By Dr. Samuel Torres
Greetings to a brand-new year! As we pause to inhale a spiritual deep breath, we acknowledge our blessings and give thanks for God’s abundant grace. His holy spirit has surely helped us accomplish His will in our Catholic schools. Catholic schools remain the constant essential for students of today and into the future. A combination of challenging academic programs paired with social and spiritual enrichment, in a supportive and affirming community, help to stabilize and overcome deficits created by economic circumstances or injustices. All children belong. All children deserve a quality Catholic experience.
In light of the recent survey conducted by The National Assessment of Educational Progress, our nation’s report card should concern us all. This survey focused on results from testing of public, charter and private schools in 2019 to 2022, and revealed the lowest decline overall since 2003. Fourth and eighth grade students showed the biggest decline from 2019 to 2022 in math and reading (4th grade, -5 points, and 8th grade, -8 points).
Per the National Catholic Education Association, Catholic schools demonstrated the least decline across the board, with eighth grade demonstrating a 15-point increase over their peers during this time. A correlation surfaced in that 80 percent of those performing the highest in these categories had a desktop computer, laptop or tablet throughout their remote learning experience, and 50 percent of higher performers noted that the teacher was available 1-2 times per week to help with assignments outside of class. The high performers also noted that online learning engagement occurred every day or mostly every day. Another correlation in survey questions revealed that teachers who were confident in remote instruction paralleled higher achieving student performance.
In review of what hasn’t worked for so many children throughout our nation and in light of my many conversations with Catholic School superintendents nationwide, I am very proud to report that our Catholic schools have not suffered the declines experienced to the extent of their counterparts. Catholic school superintendents, principals and faculty across our nation created schedules that implemented electronic training and provided electronic provisions for their students with little downtime. Consistent effort was applied to application, time spent, and problem-solving. Teacher training was increased to ensure faculty confidence was in place during our most difficult time period of implementation. Learning occurred on multiple levels and included creative ways to engage in social, emotional and spiritual enrichment. In addition, Catholic leadership focused on and continues to offer remedial help for students with learning gaps.
What have we learned when challenged with an unexpected difficulty? First and foremost, we must remain firm and steady in our faith. Our children are watching to see what it really means to be a Christian in uncertain times. Be humble in evaluating and re-evaluating what is working or not working. Those who are affecting the students should be willing to learn new skills and be open to supporting the implementation of ideas that may be better suited to the situation.
Understand that we can do more and are ultimately stronger and more resilient when we engage as a community. Though many of us felt isolation during the pandemic, new ways of interacting helped to maintain cohesion for our school communities. When modeling these ideas and attitudes, we are demonstrating to our children how best to face uncertain times. Our positivity creates a pathway for their future engagement in whatever community involvement they find themselves in.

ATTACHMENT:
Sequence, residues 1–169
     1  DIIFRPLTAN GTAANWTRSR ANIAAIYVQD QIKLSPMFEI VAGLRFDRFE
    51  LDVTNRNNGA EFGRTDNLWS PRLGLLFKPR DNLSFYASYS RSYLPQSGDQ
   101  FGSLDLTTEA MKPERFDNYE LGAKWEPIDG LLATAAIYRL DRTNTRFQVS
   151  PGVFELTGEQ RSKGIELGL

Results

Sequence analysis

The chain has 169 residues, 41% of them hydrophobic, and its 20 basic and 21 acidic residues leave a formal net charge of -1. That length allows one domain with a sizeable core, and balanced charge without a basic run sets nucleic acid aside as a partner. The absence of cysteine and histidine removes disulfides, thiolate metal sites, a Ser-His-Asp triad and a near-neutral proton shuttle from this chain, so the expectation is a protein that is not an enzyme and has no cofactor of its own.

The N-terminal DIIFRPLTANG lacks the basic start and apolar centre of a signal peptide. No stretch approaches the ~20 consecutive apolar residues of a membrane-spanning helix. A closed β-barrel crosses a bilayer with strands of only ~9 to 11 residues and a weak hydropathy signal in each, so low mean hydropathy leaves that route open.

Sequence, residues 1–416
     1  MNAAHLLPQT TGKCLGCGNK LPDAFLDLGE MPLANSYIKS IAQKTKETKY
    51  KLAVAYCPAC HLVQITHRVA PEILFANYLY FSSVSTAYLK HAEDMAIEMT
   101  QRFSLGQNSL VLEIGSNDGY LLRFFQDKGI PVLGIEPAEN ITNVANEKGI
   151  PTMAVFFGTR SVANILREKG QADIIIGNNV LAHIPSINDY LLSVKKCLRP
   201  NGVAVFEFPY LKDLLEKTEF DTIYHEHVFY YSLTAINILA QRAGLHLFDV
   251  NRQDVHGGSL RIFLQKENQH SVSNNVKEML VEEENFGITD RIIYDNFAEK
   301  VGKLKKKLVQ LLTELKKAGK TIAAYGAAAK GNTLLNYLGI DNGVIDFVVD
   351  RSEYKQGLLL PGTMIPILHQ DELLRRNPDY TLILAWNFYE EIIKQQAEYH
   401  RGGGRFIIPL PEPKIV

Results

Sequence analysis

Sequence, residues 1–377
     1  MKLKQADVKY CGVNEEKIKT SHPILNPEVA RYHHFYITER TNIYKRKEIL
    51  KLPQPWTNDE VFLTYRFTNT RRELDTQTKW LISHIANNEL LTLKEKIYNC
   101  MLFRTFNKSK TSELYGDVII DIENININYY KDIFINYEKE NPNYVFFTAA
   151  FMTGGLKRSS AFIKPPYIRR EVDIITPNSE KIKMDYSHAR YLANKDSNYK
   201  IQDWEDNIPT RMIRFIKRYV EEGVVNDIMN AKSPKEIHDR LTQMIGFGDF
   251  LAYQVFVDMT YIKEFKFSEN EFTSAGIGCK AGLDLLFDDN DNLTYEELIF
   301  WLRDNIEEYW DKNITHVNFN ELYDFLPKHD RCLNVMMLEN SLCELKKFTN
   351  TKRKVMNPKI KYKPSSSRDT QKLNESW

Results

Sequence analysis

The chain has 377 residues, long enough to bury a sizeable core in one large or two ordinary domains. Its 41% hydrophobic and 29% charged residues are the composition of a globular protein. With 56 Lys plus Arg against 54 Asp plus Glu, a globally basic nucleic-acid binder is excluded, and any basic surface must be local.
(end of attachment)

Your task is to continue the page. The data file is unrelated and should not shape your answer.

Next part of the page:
I would be remiss if not commenting on the solid delivery of academics in Catholic Schools. It is widely known that Catholic school students enter college at higher rates than any other public or private school entity. According to the National Catholic Education Association, academic rigor was maintained through the pandemic and resulted in higher achievement than any other private or public school entity. Though learning loss did occur in isolated schools, it was addressed in a timely manner and on an ongoing basis. Because of our report card, enrollment has increased in Catholic schools, diocesan and nationwide. This cannot and does not happen without incredible faculty teams and Catholic leadership on school campuses.
As we address the deficits and concerns during this catch-up period, we are confident in implementing the longstanding recipe for success: faith, community and best practice for curriculum, which has once again shown that the children in our Catholic schools are being properly prepared for their futures. We are not just focusing on the academic integrity of our programs but, as we have learned through our recent experience with pandemic lockdown, our children have many needs being addressed in our school environments. Through a holistic approach (spiritual, social, sports and activities) that enriches growth in multiple ways, they are confidently demonstrating achievement and successfully moving forward towards adulthood.
All children deserve a quality school experience. This is the belief of our principals and faculty who create environments where children feel as though they belong, can ask questions, get help and discover God’s love. It is a very exciting time to belong to a Catholic school community. You can feel and experience the hope of our children, and those dedicated to this goal. If your child is not currently attending one of our schools, please reach out to a principal or my office to discuss this possibility.
Dr. Samuel Torres is Superintendent of Catholic Schools in the Diocese of San Bernardino.